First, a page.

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How to House Train an Older Dog

Updated on February 20, 2013
Train your older dog to potty outside
Train your older dog to potty outside | Source

How to help Older Dogs Get Housetrained

There seems to be an abundance of articles and books about how to successfully house train a puppy, but what about older dogs? Older dogs require quite a different approach compared to puppies. On one hand, dog owners may assume that house training older dogs may be easier for the simple fact that they have much better bowel and bladder control, but it is also true that older dogs may be more challenging because of learned behaviors that have been allowed to put roots for a long time. Some adult dogs may also have had negative associations with crates in the past, posing some further challenges.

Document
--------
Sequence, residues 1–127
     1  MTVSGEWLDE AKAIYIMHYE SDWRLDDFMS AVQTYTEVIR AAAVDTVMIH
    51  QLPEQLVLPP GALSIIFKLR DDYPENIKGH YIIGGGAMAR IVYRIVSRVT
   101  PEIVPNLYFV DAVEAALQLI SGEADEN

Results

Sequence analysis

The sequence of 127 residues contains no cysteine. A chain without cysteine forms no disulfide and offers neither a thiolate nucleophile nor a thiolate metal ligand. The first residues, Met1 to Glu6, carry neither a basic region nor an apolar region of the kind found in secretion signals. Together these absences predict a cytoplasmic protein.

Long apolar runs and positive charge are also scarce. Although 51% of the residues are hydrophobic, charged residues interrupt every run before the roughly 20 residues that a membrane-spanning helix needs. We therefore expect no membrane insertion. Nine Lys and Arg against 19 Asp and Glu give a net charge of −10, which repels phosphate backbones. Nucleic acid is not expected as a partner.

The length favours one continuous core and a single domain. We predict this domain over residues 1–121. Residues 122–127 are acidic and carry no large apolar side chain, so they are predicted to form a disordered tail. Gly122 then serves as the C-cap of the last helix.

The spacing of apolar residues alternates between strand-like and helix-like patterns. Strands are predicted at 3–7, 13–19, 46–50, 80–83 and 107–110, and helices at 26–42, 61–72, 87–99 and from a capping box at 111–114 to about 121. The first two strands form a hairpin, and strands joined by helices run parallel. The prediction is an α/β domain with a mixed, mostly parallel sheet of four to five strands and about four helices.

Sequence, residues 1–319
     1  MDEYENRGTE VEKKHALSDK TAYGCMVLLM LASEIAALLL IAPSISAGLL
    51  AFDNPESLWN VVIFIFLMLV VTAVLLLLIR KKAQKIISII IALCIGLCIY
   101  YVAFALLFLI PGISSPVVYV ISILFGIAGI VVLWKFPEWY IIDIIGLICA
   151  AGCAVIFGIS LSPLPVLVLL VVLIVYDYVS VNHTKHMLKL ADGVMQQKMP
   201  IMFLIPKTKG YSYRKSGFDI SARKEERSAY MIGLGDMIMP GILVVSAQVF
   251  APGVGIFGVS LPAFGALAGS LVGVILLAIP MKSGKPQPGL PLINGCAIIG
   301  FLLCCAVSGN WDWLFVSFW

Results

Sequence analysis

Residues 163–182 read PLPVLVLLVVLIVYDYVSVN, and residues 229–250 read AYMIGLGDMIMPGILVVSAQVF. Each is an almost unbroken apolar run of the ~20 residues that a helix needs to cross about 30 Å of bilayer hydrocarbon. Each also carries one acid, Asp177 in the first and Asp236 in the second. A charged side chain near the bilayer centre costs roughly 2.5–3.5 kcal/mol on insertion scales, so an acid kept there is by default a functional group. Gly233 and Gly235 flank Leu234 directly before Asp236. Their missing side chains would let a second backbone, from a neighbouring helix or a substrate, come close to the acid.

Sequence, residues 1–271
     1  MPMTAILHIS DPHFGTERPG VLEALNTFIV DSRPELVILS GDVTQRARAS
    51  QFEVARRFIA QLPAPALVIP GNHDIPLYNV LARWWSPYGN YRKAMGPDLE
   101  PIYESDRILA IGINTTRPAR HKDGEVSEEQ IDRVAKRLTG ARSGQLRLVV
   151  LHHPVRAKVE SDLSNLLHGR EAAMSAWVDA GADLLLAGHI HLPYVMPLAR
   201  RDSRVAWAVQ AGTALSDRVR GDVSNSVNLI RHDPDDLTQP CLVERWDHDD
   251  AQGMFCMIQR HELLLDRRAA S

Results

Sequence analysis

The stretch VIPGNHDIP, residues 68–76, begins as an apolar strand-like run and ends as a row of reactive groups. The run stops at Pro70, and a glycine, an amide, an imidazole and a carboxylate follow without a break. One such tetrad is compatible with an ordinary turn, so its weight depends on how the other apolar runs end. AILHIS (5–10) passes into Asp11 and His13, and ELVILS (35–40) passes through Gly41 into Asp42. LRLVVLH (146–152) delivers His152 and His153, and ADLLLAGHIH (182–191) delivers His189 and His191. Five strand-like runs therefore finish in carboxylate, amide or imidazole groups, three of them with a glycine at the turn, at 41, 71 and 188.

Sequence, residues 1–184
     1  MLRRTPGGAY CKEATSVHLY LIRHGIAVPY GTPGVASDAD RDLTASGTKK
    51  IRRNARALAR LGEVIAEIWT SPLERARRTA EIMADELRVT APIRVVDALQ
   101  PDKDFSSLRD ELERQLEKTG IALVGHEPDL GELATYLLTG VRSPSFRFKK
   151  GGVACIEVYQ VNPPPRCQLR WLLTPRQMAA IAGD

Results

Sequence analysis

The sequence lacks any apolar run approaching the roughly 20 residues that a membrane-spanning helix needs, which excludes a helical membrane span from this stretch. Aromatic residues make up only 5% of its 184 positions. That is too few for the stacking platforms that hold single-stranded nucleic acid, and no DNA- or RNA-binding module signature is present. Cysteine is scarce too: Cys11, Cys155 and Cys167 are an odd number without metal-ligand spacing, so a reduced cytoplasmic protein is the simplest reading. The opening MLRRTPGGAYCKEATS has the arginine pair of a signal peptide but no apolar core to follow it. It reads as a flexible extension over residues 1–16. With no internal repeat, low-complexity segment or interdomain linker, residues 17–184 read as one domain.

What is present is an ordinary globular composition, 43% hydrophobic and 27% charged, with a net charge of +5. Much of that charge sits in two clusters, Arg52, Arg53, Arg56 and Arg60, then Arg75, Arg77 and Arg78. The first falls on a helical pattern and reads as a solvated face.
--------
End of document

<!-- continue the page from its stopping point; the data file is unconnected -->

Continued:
It may be difficult, therefore, for an older dog to learn to hold its bowel and bladder movements if for several years it has been used to going potty anywhere when nature called. New rules need to implemented so to help the older dog understand it needs to hold it until he is taken outside. Also, it is important for owners of dogs to distinguish the difference between urinating and urine marking. Urinating is a physiological need, whereas, urine marking is carried out for various reasons such as claiming territory, leaving "pee mail" or leaving familiar scent when the dog feels anxious.

Tips on House Training an Older Dog